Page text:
the projects advertise. While pitching in on the
property isn't required, residents take part in
activities like splitting wood and planting vegetables
and are active in community decision-making. Some people
like all the interaction, but urbanites moving to a farm
development in search of solitude might be taken aback.
David Coldren, a 65-year-old retiree, moved to a home on
Tryon Farm from a downtown Chicago high-rise several
years ago, drawn to the idea of "little houses on the
prairie," he says. But it's not always the quiet
existence of his childhood on a Kansas farm. He was
recently hit with a barrage of requests to attend
meetings on the most environmentally sensitive way to
rid the grounds of phragmites, an invasive plant. When
he had guests over recently, he was interrupted by a
resident at his door urgently asking for help to free
snakes trapped near the community swimming hole.
"If you were planning to come here and sort of
hibernate, it's not easy to do," Mr. Coldren says.
There can be other surprises for people who are not used
to being around agriculture. Nicole Jain Capizzi is
manager of the learning farm at Prairie Crossing, where
kids participate in educational activities such as
feeding chickens and harvesting vegetables. She says
that the first thing newcomers to the henhouse remark
upon is the strong smell.
When kids see the chickens, she says, "they are amazed
to find out that's where chicken nuggets come from."
Indeed, living at Prairie Crossing has made 6-year-old
Ethan Bond a less finicky eater. His mother, Jennifer
Bond, says the exposure to agriculture got
vegetable-averse Ethan to eat lettuce and carrots, as
well as hard-boiled eggs.
"Things he wouldn't eat for me they actually try at the
farm," she says.
The agricultural developments are set up in different
ways. The developer of Prairie Crossing, Prairie
Holdings Corp., first bought the land and then found an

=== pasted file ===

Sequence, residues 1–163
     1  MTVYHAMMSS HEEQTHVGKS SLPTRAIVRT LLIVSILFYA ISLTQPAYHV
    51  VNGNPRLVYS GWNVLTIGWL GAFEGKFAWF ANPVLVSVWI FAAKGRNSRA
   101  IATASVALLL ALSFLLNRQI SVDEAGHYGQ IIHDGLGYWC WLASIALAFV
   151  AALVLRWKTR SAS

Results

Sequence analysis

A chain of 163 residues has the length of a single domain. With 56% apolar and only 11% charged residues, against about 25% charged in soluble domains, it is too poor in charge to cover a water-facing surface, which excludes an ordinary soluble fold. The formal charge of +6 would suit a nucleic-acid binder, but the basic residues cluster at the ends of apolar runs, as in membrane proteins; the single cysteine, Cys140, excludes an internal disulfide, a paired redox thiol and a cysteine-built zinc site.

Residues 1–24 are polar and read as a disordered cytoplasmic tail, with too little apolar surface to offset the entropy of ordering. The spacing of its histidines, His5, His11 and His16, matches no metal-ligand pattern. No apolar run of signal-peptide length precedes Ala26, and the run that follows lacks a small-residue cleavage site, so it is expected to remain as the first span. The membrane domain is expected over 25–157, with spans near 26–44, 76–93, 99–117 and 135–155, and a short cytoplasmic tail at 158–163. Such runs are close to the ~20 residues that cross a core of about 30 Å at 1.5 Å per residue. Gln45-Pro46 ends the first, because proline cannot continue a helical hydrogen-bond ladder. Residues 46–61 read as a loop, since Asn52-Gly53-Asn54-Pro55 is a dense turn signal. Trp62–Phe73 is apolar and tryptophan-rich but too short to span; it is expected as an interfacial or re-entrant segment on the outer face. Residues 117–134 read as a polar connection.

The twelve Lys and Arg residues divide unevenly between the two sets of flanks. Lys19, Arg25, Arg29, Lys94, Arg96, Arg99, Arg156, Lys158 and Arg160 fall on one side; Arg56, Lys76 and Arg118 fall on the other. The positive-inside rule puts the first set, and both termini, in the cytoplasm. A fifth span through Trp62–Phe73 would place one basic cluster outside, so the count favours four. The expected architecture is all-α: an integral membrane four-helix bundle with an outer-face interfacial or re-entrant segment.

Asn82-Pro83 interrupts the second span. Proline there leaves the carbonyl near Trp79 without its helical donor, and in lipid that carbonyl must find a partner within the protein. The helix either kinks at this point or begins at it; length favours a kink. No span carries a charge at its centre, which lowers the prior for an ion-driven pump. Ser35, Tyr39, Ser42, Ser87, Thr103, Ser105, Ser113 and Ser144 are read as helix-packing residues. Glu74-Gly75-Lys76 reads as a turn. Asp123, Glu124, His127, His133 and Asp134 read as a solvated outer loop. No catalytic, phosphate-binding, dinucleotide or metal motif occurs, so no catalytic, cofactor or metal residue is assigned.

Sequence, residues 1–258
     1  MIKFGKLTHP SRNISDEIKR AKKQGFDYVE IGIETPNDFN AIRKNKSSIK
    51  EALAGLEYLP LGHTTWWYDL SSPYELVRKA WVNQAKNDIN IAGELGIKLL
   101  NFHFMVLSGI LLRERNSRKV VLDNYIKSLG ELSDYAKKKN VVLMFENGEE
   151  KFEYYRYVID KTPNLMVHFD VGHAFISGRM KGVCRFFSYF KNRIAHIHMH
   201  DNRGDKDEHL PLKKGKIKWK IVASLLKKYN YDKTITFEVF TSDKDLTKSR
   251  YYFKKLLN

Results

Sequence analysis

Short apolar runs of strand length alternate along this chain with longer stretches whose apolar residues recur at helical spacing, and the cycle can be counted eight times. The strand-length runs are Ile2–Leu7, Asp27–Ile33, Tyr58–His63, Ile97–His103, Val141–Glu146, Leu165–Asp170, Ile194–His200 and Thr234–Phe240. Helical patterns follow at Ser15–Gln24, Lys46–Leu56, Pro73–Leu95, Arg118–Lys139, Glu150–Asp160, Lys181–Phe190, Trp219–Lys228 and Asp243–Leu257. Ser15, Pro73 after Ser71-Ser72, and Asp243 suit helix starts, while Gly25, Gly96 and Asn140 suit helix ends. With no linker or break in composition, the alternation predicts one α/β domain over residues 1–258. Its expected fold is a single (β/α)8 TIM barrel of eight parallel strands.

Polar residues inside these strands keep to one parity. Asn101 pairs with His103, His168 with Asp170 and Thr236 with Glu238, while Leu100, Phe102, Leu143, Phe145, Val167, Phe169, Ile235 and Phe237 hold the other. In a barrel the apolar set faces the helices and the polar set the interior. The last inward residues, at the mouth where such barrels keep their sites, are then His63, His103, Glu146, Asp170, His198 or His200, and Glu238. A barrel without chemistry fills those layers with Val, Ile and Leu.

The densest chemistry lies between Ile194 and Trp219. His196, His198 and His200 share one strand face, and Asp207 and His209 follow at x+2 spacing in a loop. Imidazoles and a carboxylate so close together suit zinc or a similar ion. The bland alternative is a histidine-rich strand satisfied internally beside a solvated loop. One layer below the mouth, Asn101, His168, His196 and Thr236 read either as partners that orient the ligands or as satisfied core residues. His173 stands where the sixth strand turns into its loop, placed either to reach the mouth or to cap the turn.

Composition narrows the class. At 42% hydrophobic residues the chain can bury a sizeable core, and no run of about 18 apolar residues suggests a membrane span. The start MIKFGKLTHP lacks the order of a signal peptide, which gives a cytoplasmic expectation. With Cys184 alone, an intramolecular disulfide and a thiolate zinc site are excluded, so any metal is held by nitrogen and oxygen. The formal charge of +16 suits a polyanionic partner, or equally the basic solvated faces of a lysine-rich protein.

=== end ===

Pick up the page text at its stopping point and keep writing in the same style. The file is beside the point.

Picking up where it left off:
experienced farming couple to lease it. On the other
hand, Qroe Companies, the developer of Bundoran Farm,
purchased an existing cattle farm and apple orchard and
will reserve about 1,000 acres for agriculture.
Homeowners agree to subsidize the farm in slow years but
can also earn revenue when it does well.
Qroe President Robert H. Baldwin Jr. says creating a
community where agriculture is functional and where
people can live is a delicate balance. For example, the
company debated whether or not to put up fences along
the roads that run through the cattle fields. This would
chop up space for roaming cattle, but they ultimately
wanted to avoid scenarios like cows blocking cars or
running at a kid on a bicycle. [at right: Families
harvest carrots on the farm at Prairie Crossing, a
community in Grayslake, Illinois.]
"We want to make sure that this is real agriculture, not
two show horses in a one-hundred-acre pasture," he says.
"But we are realistic enough to know it is not going to
be pure highest-value agriculture."
Developers are also hoping the communities will appeal
to buyers because of their location. Even though the
farms offer a rural feel, residents won't have to give
up the services of urban life, such as shopping or good
medical care. Bundoran Farm is 20 minutes outside of
Charlottesville, Va., and Prairie Crossing is within
walking distance of commuter lines into Chicago. Mike
Sands, Prairie Crossing's environmental team leader,
says the location has appeal for the farmers and
"Where else can you can farm and still get take-out
Chinese?" he says.